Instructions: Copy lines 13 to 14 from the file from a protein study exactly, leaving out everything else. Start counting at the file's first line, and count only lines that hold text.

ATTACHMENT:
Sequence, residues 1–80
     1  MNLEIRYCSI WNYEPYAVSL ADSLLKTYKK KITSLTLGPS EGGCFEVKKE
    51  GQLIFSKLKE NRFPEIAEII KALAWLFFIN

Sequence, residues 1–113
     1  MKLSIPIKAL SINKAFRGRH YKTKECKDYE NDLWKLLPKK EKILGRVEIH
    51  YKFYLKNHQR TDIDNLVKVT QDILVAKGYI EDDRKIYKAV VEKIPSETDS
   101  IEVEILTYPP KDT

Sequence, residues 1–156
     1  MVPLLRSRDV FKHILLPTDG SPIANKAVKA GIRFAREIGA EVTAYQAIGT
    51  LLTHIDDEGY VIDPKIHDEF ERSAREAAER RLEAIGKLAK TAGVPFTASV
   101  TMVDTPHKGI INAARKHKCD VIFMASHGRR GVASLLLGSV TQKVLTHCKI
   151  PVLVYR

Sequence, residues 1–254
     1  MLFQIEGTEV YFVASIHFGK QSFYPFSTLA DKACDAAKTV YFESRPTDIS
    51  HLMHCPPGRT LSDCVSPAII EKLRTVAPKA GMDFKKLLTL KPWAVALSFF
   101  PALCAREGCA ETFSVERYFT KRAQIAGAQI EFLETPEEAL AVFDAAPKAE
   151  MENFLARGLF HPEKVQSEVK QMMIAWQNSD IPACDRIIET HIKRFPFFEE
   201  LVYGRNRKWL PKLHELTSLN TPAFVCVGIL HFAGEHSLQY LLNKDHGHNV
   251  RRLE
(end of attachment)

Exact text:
Sequence, residues 1–254
     1  MLFQIEGTEV YFVASIHFGK QSFYPFSTLA DKACDAAKTV YFESRPTDIS